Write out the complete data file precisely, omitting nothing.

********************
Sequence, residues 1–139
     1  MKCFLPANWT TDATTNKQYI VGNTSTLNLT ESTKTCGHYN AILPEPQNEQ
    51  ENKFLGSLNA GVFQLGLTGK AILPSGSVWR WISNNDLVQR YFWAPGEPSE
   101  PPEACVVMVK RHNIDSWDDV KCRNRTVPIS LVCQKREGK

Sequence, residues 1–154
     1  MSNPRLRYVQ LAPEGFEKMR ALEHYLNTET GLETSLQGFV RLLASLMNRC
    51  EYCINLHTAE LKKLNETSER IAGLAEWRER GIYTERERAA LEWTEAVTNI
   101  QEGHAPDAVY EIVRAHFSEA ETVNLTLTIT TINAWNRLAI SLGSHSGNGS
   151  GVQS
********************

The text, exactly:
Sequence, residues 1–139
     1  MKCFLPANWT TDATTNKQYI VGNTSTLNLT ESTKTCGHYN AILPEPQNEQ
    51  ENKFLGSLNA GVFQLGLTGK AILPSGSVWR WISNNDLVQR YFWAPGEPSE
   101  PPEACVVMVK RHNIDSWDDV KCRNRTVPIS LVCQKREGK

Sequence, residues 1–154
     1  MSNPRLRYVQ LAPEGFEKMR ALEHYLNTET GLETSLQGFV RLLASLMNRC
    51  EYCINLHTAE LKKLNETSER IAGLAEWRER GIYTERERAA LEWTEAVTNI
   101  QEGHAPDAVY EIVRAHFSEA ETVNLTLTIT TINAWNRLAI SLGSHSGNGS
   151  GVQS